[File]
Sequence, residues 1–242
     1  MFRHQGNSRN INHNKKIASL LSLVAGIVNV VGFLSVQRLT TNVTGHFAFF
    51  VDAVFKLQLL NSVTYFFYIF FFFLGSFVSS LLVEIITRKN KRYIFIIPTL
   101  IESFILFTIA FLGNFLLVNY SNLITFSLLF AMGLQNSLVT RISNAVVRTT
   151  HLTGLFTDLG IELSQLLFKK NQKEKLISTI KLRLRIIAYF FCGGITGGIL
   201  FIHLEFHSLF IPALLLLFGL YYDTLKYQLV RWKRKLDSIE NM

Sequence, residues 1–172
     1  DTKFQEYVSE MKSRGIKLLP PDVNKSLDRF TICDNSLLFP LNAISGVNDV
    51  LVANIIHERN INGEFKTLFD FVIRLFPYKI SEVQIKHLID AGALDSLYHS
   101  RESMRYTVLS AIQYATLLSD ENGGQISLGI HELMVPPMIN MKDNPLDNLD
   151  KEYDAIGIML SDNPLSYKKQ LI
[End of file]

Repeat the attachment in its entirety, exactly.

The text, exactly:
Sequence, residues 1–242
     1  MFRHQGNSRN INHNKKIASL LSLVAGIVNV VGFLSVQRLT TNVTGHFAFF
    51  VDAVFKLQLL NSVTYFFYIF FFFLGSFVSS LLVEIITRKN KRYIFIIPTL
   101  IESFILFTIA FLGNFLLVNY SNLITFSLLF AMGLQNSLVT RISNAVVRTT
   151  HLTGLFTDLG IELSQLLFKK NQKEKLISTI KLRLRIIAYF FCGGITGGIL
   201  FIHLEFHSLF IPALLLLFGL YYDTLKYQLV RWKRKLDSIE NM

Sequence, residues 1–172
     1  DTKFQEYVSE MKSRGIKLLP PDVNKSLDRF TICDNSLLFP LNAISGVNDV
    51  LVANIIHERN INGEFKTLFD FVIRLFPYKI SEVQIKHLID AGALDSLYHS
   101  RESMRYTVLS AIQYATLLSD ENGGQISLGI HELMVPPMIN MKDNPLDNLD
   151  KEYDAIGIML SDNPLSYKKQ LI